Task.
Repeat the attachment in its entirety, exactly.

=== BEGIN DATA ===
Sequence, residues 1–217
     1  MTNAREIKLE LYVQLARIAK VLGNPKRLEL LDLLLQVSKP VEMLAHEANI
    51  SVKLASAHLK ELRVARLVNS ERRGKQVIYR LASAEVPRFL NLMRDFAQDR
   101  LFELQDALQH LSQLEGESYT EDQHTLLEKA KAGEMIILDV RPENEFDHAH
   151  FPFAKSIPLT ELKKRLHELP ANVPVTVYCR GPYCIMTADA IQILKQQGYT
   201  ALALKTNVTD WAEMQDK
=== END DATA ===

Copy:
Sequence, residues 1–217
     1  MTNAREIKLE LYVQLARIAK VLGNPKRLEL LDLLLQVSKP VEMLAHEANI
    51  SVKLASAHLK ELRVARLVNS ERRGKQVIYR LASAEVPRFL NLMRDFAQDR
   101  LFELQDALQH LSQLEGESYT EDQHTLLEKA KAGEMIILDV RPENEFDHAH
   151  FPFAKSIPLT ELKKRLHELP ANVPVTVYCR GPYCIMTADA IQILKQQGYT
   201  ALALKTNVTD WAEMQDK